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Sonic The Hedgehog Producer Takashi Iizuka Discusses 30 Years Of The SEGA Icon

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Sonic The Hedgehog Producer Takashi Iizuka Discusses 30 Years Of The SEGA Icon

SEGA’s Sonic The Hedgehog series officially celebrated its 30th anniversary in the summer of 2021. The company mascot’s debut game, Sonic The Hedgehog, released on June 21 1991, and reinvigorated the fortunes of the Japanese gaming giant, which was losing ground at the time to Nintendo’s successful NES console and its own platforming icon, Mario. Sonic went some way to levelling the playing field in the 16-bit era, with the SEGA Mega Drive achieving worldwide sales of between 42 and 47 million (against 49 million for the Super Nintendo), bolstered by sales of 15 million for the first Sonic game.

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Takashi Iizuka’s career with SEGA began not with Sonic, but with the poorly received Golden Axe III in 1993. His next role, however, was as a designer on 1994’s excellent Sonic The Hedgehog 3 - and since then, the man and the mascot’s fates have been somewhat intertwined. He would direct Sonic R on the SEGA Saturn, and then 1998’s Sonic Adventure for the Dreamcast, SEGA’s final console (discounting modern mini systems), as well as its 2001 sequel. 

In the 21st century, barely a Sonic project has rolled out without some involvement from Iizuka-san, from Sonic Heroes (2003, director) to Sonic Forces (2017, producer). Head of SEGA’s Sonic Team since 2008, Iizuka-san’s most recent role in a Sonic franchise entry was as producer on 2021’s Sonic Colors: Ultimate, a remaster of the previously Wii-exclusive 3D platformer of 2010 (read our review, here). We spoke to him about all things Sonic, to (belatedly) mark the blue blur’s 30th birthday. Anyone for cake?

Watch SEGA’s official 30th anniversary trailer for Sonic, below...

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GAMINGbible: Your professional relationship with Sonic started with the third mainline Mega Drive game, Sonic the Hedgehog 3. But up to that point, what were your feelings on the character, and the games? Did you like the idea of Sonic as a SEGA mascot initially?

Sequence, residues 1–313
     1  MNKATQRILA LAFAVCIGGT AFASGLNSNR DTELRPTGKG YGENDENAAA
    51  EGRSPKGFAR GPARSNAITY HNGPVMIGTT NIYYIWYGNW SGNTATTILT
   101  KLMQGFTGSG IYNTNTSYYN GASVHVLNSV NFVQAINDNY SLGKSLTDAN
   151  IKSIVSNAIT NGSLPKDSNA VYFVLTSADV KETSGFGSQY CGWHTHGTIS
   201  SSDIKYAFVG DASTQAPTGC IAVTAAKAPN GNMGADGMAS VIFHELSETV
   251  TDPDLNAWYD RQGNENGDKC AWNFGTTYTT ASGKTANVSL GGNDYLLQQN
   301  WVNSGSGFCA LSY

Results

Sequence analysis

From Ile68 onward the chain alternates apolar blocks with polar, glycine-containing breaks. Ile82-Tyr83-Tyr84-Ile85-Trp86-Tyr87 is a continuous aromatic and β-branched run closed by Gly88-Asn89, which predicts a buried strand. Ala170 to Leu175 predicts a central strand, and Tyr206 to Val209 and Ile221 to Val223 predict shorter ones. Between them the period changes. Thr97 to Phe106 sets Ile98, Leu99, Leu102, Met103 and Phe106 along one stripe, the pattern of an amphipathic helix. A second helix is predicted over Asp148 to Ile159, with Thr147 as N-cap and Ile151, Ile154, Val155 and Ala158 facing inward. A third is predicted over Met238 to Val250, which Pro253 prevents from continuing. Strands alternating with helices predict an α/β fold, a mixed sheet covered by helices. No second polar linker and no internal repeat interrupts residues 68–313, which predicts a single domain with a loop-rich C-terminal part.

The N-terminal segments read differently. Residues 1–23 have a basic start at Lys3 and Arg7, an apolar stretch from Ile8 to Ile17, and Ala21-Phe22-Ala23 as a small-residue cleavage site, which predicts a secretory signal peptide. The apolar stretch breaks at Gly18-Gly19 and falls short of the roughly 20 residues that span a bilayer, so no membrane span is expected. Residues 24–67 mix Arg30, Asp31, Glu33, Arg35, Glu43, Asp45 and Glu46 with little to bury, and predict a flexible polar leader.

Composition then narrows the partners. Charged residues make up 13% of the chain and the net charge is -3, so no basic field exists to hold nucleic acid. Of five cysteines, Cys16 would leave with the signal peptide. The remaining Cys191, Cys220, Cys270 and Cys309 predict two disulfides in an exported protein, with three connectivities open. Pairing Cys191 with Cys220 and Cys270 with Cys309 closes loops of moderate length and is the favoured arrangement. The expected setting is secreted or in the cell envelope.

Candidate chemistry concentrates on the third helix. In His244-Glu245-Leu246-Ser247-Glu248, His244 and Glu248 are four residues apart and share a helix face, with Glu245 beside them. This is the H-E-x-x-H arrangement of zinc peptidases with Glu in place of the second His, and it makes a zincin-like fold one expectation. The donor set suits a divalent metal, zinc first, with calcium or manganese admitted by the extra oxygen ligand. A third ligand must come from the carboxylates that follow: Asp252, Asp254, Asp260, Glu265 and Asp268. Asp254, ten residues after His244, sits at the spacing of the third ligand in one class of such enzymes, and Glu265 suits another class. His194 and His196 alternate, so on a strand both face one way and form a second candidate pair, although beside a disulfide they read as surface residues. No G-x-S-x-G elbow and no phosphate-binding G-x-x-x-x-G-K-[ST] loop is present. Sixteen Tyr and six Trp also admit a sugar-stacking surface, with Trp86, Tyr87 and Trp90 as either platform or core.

Takashi Iizuka: The two games released before I joined the project for Sonic 3 were wonderful titles, of course. I felt honoured to be able to participate in development for Sonic at the time. SEGA had a cool image with its blue colouring even back then (see: those sweet Out Run and Daytona skies), so I thought Sonic was a character who was worthy of representing SEGA. I’m proud to be able to be a part of Sonic development now as well.

GB: After Sonic 3 came Sonic & Knuckles - which of course could connect to the previous game, and Sonic 2. What exactly was the thinking behind that style of release, using that lock-on technology?

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TI: Those of us in the development team started the Sonic 3 project with the goal of creating an epic title that would surpass the previous games. We changed the graphics for each act, created more stages than the previous titles, and that resulted in a huge amount of data and development time for that era. So, we had no choice but to release half of the game. The lock-on cartridge was born from our desire to deliver the “complete Sonic 3” that we had originally envisioned. I realised just how amazing SEGA was when it became a reality.


Sonic Adventure DX / Credit: SEGA
Sonic Adventure DX / Credit: SEGA
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GB: Sonic Adventure on the Dreamcast and its sequel are still held up as among the very best 3D Sonic games. Nostalgia obviously plays a small part in that for players - but looking back at the game today, do you feel it has strengths that transcend the technology it was made with and the hardware it released for? Qualities that still make it enjoyable today?

TI: Sonic Adventure became a big milestone that took Sonic games from 2D platform action and evolved them into 3D action. The technology and ideas from that game are still being passed on now, 23 years later. But while it was an innovative game at the time, the fact that it was our first 3D game meant there was a lot of trial and error and parts that lacked polish.

We asked ourselves: how do we make Sonic run in a 3D space with the same feeling of exhilaration as 2D Sonic? That was our biggest challenge. We could make 3D stages and a Sonic you could control in 3D, but it was difficult to make a game that felt like Sonic. So, we came up with a camera system where the camera would automatically show the destination and move to an angle that fit the terrain. That enabled high-speed 3D action that felt like Sonic. The development was going right up until the original Sonic Adventure was released - it was tough, and there wasn’t any part of the development process that was easy.

GB: Before you developed Sonic Adventure, you were the lead designer on 1996’s NiGHTS Into Dreams, which was Sonic Team’s big game for the Saturn. You’ve told me before that you’d love to do another NiGHTs game. Is that still the case?